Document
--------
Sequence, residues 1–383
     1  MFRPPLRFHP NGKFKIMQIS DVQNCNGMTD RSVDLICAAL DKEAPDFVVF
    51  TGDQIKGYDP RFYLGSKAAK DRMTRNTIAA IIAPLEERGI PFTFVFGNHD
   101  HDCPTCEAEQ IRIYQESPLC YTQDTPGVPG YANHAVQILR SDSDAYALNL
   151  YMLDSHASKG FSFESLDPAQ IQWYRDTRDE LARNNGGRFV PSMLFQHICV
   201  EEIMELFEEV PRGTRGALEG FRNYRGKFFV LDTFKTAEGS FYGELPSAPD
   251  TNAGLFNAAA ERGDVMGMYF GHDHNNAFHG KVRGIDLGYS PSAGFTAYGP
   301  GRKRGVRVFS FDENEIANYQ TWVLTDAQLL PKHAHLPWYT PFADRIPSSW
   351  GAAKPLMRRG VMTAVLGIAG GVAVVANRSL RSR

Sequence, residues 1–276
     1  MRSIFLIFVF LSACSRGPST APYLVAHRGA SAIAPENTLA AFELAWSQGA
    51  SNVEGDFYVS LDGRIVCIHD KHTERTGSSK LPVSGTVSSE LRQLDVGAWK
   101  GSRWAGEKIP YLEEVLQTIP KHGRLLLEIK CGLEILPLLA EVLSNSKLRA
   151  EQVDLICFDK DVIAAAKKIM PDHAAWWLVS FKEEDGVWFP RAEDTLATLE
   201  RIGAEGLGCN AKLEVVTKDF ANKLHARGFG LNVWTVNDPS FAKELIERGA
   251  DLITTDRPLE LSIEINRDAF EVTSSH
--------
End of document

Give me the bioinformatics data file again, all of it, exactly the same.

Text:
Sequence, residues 1–383
     1  MFRPPLRFHP NGKFKIMQIS DVQNCNGMTD RSVDLICAAL DKEAPDFVVF
    51  TGDQIKGYDP RFYLGSKAAK DRMTRNTIAA IIAPLEERGI PFTFVFGNHD
   101  HDCPTCEAEQ IRIYQESPLC YTQDTPGVPG YANHAVQILR SDSDAYALNL
   151  YMLDSHASKG FSFESLDPAQ IQWYRDTRDE LARNNGGRFV PSMLFQHICV
   201  EEIMELFEEV PRGTRGALEG FRNYRGKFFV LDTFKTAEGS FYGELPSAPD
   251  TNAGLFNAAA ERGDVMGMYF GHDHNNAFHG KVRGIDLGYS PSAGFTAYGP
   301  GRKRGVRVFS FDENEIANYQ TWVLTDAQLL PKHAHLPWYT PFADRIPSSW
   351  GAAKPLMRRG VMTAVLGIAG GVAVVANRSL RSR

Sequence, residues 1–276
     1  MRSIFLIFVF LSACSRGPST APYLVAHRGA SAIAPENTLA AFELAWSQGA
    51  SNVEGDFYVS LDGRIVCIHD KHTERTGSSK LPVSGTVSSE LRQLDVGAWK
   101  GSRWAGEKIP YLEEVLQTIP KHGRLLLEIK CGLEILPLLA EVLSNSKLRA
   151  EQVDLICFDK DVIAAAKKIM PDHAAWWLVS FKEEDGVWFP RAEDTLATLE
   201  RIGAEGLGCN AKLEVVTKDF ANKLHARGFG LNVWTVNDPS FAKELIERGA
   251  DLITTDRPLE LSIEINRDAF EVTSSH